In the wake of the shooting at Sandy Hook Elementary School, the National Rifle Association (NRA) assembled a task force of experts in homeland security, law enforcement training, and school safety to review school security standards in select areas of the country. The task force's stated goal was to produce a comprehensive plan to address the safety of children in schools and to prevent such shootings in the future. Hutchinson led the task force. On April 2, 2013, he presented the National School Shield plan during a news conference at the National Press Club.
Main article: 2006 Arkansas gubernatorial election
Shortly after returning to Arkansas, Hutchinson announced his candidacy for governor in 2006. Initially, he was to face three-term Lieutenant Governor Winthrop Paul Rockefeller, who was favored in most pre-election polls, in the Republican primary. But Rockefeller's withdrawal and death from a blood disorder in early 2006 led to Hutchinson winning the primary. In the general election, he lost to the Democratic nominee, then-Arkansas Attorney General Mike Beebe.
Main article: 2014 Arkansas gubernatorial election
Hutchinson was the Republican nominee for governor of Arkansas in 2014. He was supported by House Speaker Davy Carter. On November 4, 2014, after defeating Tea Party-backed Curtis Coleman in the Republican primary, he defeated the Democratic nominee, Mike Ross, in the general election with 55% of the vote, the best showing for a Republican in an open-seat gubernatorial race since the end of Reconstruction. His victory also gave the GOP complete control of state government for the first time since the end of Reconstruction.
Main article: 2018 Arkansas gubernatorial election
Hutchinson was reelected on November 6, 2018, in a landslide, taking over 65% of the vote and carrying all but eight counties. In a bad year for the GOP nationally, Hutchinson garnered the largest margin of victory for a Republican candidate in Arkansas history.
Hutchinson took office as governor on January 13, 2015.
On November 16, 2015, Hutchinson said that he would block all Syrian refugees from entering the state in response to the November 2015 Paris attacks.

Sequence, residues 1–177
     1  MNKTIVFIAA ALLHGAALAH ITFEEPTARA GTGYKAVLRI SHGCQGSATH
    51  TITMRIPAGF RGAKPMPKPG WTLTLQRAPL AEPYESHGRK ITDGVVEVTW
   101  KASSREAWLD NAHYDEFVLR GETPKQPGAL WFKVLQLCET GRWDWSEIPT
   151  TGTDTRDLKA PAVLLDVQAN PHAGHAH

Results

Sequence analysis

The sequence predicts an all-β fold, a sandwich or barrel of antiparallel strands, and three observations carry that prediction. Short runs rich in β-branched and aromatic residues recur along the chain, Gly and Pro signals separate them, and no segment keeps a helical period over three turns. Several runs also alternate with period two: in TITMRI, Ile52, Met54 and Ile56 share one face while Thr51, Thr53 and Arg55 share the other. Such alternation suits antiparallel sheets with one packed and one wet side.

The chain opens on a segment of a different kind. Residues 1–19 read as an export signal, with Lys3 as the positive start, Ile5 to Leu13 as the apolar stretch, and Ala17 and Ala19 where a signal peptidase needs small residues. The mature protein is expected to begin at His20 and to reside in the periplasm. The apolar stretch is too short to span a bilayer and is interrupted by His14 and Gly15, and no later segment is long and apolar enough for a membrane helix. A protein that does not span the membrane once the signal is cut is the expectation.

Under Hutchinson, Arkansas resumed executions in 2017 after having executed no one since 2005. In 2021, DNA testing on the murder weapon and a bloody shirt at the scene of the crime did not match Ledell Lee, who was convicted and executed for murder. Hutchinson defended Lee's execution, saying, "the DNA findings released today do not present any conclusive evidence to undermine [Lee's guilty verdict]."
As governor, Hutchinson implemented work requirements for Medicaid enrollees. As a result, by December 2018, almost 17,000 Arkansans had lost their Medicaid health insurance, with reapplication available in the new calendar year.
In February 2019, Hutchinson signed a bill into law that would criminalize abortion in the event Roe v. Wade is overturned. On March 9, 2021, he signed SB6, a near-total abortion bill, into law. He said that the bill was intended "to set the stage for the Supreme Court overturning current case law. I would have preferred the legislation to include the exceptions for rape and incest, which has been my consistent view, and such exceptions would increase the chances for a review by the U.S. Supreme Court." On May 8, 2022, Hutchinson responded to comments by Senator Minority Leader Mitch McConnell about potential passage of a future federal law prohibiting abortions nationwide: "If the court reverses Roe v. Wade, they're saying that the Constitution does not provide that, which returns it to the states. And that's where the vigorous debate is going to be. That is where we're going to face a lot of concerns on the compassion side."
In 2015, Hutchinson signed into law legislation that would prohibit localities from extending civil rights protections to LGBT individuals. At the time, Arkansas was among states that allowed discrimination in the workplace, housing and business on the basis of gender identity and sexual orientation. In March 2021, Hutchinson signed into law legislation that would allow doctors to refuse non-emergency medical treatment to LGBT people based on moral objection. In April 2021, he vetoed a bill that would make it illegal for transgender minors to receive gender-affirming medication or surgery, calling it "a vast government overreach". The state legislature later overrode his veto.